Drift away.  Neglect.  The concern here is not something dramatic like blasphemy, heresy, or apostasy; it is the drifting away of the soul from God through neglect of the relationship.  When I taught high school I used to tell my senior students that if they kept in contact with just two or three of their school friends after graduation, they would be doing well.  Of course, they doubted me.  And then time went by.  Ten years passed and they realized they hadn’t heard from or seen their high school BFFs — Best Friends Forever — in a decade, though we have more social media than ever.  There was no falling out, no hard feelings.  They were just in different places, doing different things, with different people, and pursuing different priorities.  High School friends just naturally drift away from one another, not through animus but through neglect.  And, as the writer of Hebrews warns us, that can happen with God, as well:  not that God drifts away from us or neglects us, but that we grow slack and cold and distant toward God.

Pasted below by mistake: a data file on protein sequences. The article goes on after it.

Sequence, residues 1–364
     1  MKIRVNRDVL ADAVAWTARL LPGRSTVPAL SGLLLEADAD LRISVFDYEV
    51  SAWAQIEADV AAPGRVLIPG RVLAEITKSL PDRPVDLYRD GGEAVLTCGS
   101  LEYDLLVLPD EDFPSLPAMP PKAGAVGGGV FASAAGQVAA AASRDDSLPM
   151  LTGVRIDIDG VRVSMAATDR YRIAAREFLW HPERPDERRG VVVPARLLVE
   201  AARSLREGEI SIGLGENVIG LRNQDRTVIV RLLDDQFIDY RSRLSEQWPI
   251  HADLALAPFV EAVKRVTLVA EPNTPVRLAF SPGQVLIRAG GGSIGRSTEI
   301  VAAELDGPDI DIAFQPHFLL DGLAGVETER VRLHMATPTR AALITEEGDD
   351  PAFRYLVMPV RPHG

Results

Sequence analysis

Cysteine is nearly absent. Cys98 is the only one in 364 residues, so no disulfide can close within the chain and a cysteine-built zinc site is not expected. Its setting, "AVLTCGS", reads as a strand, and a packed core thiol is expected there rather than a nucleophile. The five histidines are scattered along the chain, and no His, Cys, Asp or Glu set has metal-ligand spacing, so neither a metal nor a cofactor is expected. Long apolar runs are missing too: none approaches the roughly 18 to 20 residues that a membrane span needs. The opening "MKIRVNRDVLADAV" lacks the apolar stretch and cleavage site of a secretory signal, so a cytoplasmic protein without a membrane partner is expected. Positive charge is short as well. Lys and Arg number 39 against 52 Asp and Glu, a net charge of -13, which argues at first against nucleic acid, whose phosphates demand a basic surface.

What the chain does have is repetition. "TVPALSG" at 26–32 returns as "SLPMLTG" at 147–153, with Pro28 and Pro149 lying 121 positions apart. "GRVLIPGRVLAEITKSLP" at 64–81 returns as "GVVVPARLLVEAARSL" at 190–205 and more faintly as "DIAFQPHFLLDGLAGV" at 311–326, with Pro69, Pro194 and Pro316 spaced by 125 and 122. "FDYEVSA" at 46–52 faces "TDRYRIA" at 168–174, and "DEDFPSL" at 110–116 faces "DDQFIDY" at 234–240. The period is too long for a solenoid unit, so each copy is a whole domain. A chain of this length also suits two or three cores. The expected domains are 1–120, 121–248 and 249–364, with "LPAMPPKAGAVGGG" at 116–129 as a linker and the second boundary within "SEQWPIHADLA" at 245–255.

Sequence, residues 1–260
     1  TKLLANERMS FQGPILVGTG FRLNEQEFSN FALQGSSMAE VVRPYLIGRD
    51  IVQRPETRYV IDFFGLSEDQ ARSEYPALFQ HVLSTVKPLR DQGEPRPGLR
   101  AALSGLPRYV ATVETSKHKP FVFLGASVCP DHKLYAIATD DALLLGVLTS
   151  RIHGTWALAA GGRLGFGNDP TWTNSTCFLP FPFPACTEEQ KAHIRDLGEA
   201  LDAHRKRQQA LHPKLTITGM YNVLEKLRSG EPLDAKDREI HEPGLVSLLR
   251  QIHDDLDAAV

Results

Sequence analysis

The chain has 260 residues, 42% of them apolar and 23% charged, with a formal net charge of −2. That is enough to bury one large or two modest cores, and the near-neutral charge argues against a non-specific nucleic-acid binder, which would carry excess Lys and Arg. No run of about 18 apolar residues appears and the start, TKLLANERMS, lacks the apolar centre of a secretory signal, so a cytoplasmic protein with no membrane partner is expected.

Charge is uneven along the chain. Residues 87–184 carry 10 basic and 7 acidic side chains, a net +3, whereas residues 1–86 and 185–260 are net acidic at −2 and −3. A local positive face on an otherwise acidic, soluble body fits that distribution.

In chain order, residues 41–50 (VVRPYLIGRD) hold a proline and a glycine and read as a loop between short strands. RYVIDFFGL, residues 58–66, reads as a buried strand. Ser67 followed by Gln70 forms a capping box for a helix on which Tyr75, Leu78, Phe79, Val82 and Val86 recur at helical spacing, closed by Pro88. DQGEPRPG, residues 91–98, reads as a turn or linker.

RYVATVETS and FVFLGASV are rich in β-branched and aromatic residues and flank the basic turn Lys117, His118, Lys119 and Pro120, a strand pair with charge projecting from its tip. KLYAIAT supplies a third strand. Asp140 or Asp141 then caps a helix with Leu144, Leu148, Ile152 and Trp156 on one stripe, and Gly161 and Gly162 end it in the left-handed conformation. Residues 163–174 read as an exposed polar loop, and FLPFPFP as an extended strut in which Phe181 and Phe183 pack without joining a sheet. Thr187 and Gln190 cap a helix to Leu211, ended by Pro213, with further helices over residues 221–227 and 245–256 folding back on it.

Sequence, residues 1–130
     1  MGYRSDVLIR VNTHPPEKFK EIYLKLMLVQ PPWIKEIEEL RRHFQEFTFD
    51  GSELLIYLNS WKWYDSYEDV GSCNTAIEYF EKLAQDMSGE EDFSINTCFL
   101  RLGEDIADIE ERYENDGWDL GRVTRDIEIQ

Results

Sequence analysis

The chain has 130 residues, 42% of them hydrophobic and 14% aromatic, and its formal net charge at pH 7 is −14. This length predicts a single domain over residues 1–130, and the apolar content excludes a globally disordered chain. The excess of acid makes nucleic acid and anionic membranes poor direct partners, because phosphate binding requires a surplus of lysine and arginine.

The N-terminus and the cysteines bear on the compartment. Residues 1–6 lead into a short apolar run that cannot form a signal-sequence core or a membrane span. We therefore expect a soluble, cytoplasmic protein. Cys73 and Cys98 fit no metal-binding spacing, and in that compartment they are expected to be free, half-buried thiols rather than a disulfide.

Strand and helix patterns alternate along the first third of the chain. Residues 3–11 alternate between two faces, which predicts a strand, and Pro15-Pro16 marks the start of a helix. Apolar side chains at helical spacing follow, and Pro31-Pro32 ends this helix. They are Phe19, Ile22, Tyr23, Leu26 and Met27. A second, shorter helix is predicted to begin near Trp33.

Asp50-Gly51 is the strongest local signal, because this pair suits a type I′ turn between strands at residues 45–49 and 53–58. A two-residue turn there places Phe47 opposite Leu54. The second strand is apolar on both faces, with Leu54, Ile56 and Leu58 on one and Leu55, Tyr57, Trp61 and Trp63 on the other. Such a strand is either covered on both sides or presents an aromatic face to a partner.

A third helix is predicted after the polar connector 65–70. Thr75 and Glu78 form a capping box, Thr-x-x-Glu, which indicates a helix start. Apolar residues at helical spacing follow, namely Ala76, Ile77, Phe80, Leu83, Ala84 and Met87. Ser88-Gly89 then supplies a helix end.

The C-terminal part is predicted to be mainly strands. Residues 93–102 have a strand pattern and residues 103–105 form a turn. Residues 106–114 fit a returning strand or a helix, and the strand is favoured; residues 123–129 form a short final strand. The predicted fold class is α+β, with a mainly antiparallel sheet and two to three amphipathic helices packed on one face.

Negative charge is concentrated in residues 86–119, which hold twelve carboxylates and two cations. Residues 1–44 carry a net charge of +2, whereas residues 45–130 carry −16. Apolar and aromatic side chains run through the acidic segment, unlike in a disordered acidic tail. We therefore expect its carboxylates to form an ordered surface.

We start out fired up to pray without ceasing, then little-by-little we find ourselves skipping Morning Prayer.  We start out longing to come into the courts of the Lord, then little-by-little we find ourselves “worshipping” in nature instead of in church:  in the mountains or at the lake, on the golf course or at the Little League or soccer game.  We start out to read the Bible through in a year and little-by-little we hit Leviticus, then we opt for binge watching the Office instead.  None of this is a repudiation of the Gospel.  None of this is a rejection of the faith.  Of course we still believe.  It is just a drifting away, a neglect.